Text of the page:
Few data exist reporting the incidence of World Health Organization (WHO)-defined acute myeloid leukemia (AML) subgroups in adults in Europe,1 but the incidence of AML with myelodysplastic-related features (MRF) may be higher than initially reported.2–4 Whether the presence of multilineage dysplasia has an independent prognostic impact in AML is still controversial.5,6 However, AML patients with preceding myelodysplastic syndrome (MDS)/myeloproliferative neoplasm and/or MDS-related cytogenetics (Medical Research Council [MRC]) have been shown to have poorer survival than AML-not otherwise specified (NOS).7 Previous studies of AML patients treated with azacitidine (AZA) included AML-MRF patients, but did not report on outcomes separately.3,4, 8–12


Due to the lack of data assessing the prognostic impact of AML-MRF in elderly AML patients treated with AZA, we analyzed patients with AML-MRF from the Austrian AZA Registry, which was initiated to gain a comprehensive view of the safety and efficacy of AZA in ‘real-life’ patients. Similar to the approach taken by others who assessed the effect of AML-MRF irrespective of treatment modality,7 patients with AML and recurrent cytogenetic abnormalities (RCA), and treatment-related AML (tAML) based on the WHO 2008 classification13 were excluded, as these subsets have particularly good (AML-RCA) or dismal prognosis (tAML), respectively.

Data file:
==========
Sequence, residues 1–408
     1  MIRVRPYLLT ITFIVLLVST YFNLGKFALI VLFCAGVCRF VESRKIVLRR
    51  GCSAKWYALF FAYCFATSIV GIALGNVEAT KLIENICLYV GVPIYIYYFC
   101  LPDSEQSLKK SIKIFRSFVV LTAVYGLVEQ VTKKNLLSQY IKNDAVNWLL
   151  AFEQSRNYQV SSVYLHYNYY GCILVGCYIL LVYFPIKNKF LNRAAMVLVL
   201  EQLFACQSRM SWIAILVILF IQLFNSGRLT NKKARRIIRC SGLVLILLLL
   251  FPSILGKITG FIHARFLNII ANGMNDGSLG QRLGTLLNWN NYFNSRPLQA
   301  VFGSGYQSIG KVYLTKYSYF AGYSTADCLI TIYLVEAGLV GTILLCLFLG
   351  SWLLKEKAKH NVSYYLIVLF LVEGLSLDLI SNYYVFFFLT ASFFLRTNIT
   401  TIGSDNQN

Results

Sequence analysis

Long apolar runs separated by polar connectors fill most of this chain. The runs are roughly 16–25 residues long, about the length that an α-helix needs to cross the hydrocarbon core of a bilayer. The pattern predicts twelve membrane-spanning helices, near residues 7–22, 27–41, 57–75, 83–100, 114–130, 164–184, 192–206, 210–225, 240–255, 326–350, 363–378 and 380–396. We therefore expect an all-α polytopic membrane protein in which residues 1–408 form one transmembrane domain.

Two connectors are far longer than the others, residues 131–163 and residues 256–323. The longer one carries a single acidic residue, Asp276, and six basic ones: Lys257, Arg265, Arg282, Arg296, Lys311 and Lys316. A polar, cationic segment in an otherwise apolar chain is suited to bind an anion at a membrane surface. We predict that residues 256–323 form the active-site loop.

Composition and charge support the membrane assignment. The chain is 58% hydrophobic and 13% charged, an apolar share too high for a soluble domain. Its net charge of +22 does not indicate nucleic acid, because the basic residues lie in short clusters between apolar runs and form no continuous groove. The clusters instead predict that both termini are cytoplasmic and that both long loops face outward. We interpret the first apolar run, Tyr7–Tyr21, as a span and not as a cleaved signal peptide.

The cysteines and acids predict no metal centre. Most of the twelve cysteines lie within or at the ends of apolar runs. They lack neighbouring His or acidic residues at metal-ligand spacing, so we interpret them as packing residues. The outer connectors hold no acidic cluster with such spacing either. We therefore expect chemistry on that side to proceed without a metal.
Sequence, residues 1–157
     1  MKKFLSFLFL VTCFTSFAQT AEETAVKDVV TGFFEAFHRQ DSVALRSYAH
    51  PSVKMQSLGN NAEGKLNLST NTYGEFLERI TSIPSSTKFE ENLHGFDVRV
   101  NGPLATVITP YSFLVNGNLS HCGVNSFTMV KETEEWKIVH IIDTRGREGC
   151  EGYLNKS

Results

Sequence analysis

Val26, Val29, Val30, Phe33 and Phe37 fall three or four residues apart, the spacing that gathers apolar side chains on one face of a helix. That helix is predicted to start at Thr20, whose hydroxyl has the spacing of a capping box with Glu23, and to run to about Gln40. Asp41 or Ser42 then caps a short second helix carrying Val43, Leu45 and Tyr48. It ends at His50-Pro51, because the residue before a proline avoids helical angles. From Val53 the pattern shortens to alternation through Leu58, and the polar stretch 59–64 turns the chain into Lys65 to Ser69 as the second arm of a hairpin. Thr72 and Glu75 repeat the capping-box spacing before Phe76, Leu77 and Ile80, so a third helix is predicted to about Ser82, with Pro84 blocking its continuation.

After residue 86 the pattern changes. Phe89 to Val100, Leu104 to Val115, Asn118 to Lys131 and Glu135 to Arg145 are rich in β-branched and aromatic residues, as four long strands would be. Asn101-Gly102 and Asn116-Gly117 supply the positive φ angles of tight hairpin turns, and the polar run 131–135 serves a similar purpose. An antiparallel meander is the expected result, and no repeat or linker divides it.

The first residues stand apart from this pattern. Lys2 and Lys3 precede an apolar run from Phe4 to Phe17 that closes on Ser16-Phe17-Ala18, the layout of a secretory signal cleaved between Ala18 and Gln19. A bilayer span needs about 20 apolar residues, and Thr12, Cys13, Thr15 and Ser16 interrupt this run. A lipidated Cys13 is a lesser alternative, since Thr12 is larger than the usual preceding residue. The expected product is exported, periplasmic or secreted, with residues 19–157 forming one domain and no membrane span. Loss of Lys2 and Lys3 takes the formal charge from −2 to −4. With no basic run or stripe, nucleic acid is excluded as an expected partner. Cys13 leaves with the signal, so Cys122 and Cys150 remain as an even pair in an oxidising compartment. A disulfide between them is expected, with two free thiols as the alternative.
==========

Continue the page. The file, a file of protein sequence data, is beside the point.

The AML-MRF group comprised 217 patients (AZA 1st line, n=121; AZA ≥2nd line, n=96) and the AML-NOS group comprised 90 patients (AZA 1st line, n=33; AZA ≥2nd line, n=57). Baseline characteristics were comparable except AML-MRF patients had worse Hematopoietic Cell Transplant Comorbidity Index (HCT-CI) scores and a higher proportion of high-risk cytogenetics (Figure 1). The latter is expected as most high-risk cytogenetic abnormalities are defined as MDS-related.13 Median time from diagnosis to AZA start was <1 month for AZA 1st line and >6 months for AZA ≥2nd line.

The median number of AZA cycles was 4 (range 1–35) for AML-MRF patients and 4.5 (range 1–46) for AML-NOS patients.

The overall response rate (ORR)14 was similar for AML-MRF vs AML-NOS patients (complete response [CR] + CR with incomplete blood count recovery [CRi] + partial response [PR]: 29.0 vs 33.3%, respectively; p=0.586). Rates of hematologic improvement15 were similar for AML-MRF vs AML-NOS patients (57.9 vs 57.4%; p=0.964). Median duration of response was 7.0 vs 5.5 mo, respectively. ORR was similar for AML-MRF and AML-NOS patients irrespective of AZA treatment line (Figure 1).

Median overall survival (OS) for AML-MRF vs AML-NOS patients was 9.4 vs 9.7 mo for the total cohort (p=0.490; Figure 2), and 13.1 vs 10.8 mo for patients treated with AZA 1st line. For responding patients, median OS, response duration and relapse-free survival were numerically longer for AML-MRF than AML-NOS patients within the total cohort (17.1 vs 12.6; 7.0 vs 5.5; and 9.8 vs 8.5 mo), and even more so in the AZA 1st line cohort (19.7 vs 12.6; 7.4 vs 3.9; and 10.5 vs 7.9 mo). In univariate analyses, baseline factors that significantly negatively impacted OS in AML-MRF patients treated with AZA were peripheral blood blasts >0% (p=0.025), Eastern Cooperative Oncology Group Performance Status (ECOG PS) ≥2 (p=0.004), >3 comorbidities (p=0.004), and poor cytogenetics (p=0.001). Notably, none of these factors showed statistical significance for AML-NOS patients.